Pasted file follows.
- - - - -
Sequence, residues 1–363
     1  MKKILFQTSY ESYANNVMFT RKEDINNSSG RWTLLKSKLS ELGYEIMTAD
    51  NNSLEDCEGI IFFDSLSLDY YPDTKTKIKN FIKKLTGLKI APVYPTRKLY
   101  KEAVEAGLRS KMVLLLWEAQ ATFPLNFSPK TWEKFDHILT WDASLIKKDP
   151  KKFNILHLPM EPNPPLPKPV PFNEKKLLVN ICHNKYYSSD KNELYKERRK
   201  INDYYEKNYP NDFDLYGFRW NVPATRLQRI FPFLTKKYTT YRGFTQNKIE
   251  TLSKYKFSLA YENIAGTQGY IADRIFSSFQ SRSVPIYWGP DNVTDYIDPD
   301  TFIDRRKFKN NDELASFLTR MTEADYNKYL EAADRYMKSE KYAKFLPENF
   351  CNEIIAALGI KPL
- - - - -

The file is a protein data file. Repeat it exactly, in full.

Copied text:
Sequence, residues 1–363
     1  MKKILFQTSY ESYANNVMFT RKEDINNSSG RWTLLKSKLS ELGYEIMTAD
    51  NNSLEDCEGI IFFDSLSLDY YPDTKTKIKN FIKKLTGLKI APVYPTRKLY
   101  KEAVEAGLRS KMVLLLWEAQ ATFPLNFSPK TWEKFDHILT WDASLIKKDP
   151  KKFNILHLPM EPNPPLPKPV PFNEKKLLVN ICHNKYYSSD KNELYKERRK
   201  INDYYEKNYP NDFDLYGFRW NVPATRLQRI FPFLTKKYTT YRGFTQNKIE
   251  TLSKYKFSLA YENIAGTQGY IADRIFSSFQ SRSVPIYWGP DNVTDYIDPD
   301  TFIDRRKFKN NDELASFLTR MTEADYNKYL EAADRYMKSE KYAKFLPENF
   351  CNEIIAALGI KPL